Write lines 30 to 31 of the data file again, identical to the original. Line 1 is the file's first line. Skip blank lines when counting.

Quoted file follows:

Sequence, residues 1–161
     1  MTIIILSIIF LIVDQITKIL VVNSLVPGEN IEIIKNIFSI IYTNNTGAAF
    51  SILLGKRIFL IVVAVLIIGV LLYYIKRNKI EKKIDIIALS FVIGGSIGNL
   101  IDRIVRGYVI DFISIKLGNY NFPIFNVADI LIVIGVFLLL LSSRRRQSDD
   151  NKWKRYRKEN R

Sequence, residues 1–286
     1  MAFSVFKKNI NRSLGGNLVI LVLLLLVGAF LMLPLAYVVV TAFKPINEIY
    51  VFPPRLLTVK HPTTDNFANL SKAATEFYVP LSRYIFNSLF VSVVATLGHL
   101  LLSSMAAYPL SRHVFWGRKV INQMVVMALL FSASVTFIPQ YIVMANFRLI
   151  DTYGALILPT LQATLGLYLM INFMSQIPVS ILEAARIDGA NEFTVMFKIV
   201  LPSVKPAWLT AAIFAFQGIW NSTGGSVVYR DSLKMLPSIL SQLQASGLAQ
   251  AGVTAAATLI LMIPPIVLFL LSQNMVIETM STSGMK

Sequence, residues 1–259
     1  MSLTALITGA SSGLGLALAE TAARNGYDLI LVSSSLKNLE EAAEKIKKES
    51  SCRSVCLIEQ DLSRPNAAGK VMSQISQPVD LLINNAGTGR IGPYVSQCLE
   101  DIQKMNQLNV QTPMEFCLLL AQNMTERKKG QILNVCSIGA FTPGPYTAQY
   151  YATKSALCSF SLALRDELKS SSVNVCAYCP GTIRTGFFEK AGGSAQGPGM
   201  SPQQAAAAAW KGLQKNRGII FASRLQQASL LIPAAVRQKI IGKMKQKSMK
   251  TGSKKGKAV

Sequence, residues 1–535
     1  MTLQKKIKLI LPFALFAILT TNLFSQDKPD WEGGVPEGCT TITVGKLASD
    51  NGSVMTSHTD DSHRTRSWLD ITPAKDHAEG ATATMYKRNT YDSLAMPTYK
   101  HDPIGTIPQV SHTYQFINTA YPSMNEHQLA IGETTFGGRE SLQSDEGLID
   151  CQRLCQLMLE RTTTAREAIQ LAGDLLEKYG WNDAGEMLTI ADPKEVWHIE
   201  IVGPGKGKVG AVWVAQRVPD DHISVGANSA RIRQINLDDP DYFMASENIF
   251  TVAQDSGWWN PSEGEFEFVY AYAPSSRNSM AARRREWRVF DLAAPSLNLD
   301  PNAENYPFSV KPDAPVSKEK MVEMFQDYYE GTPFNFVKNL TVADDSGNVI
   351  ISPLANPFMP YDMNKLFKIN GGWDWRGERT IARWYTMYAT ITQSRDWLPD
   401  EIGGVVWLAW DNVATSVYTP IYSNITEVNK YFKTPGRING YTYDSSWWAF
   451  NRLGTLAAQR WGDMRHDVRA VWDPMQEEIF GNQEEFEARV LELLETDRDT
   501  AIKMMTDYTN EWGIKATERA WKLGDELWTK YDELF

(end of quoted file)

   451  NRLGTLAAQR WGDMRHDVRA VWDPMQEEIF GNQEEFEARV LELLETDRDT
   501  AIKMMTDYTN EWGIKATERA WKLGDELWTK YDELF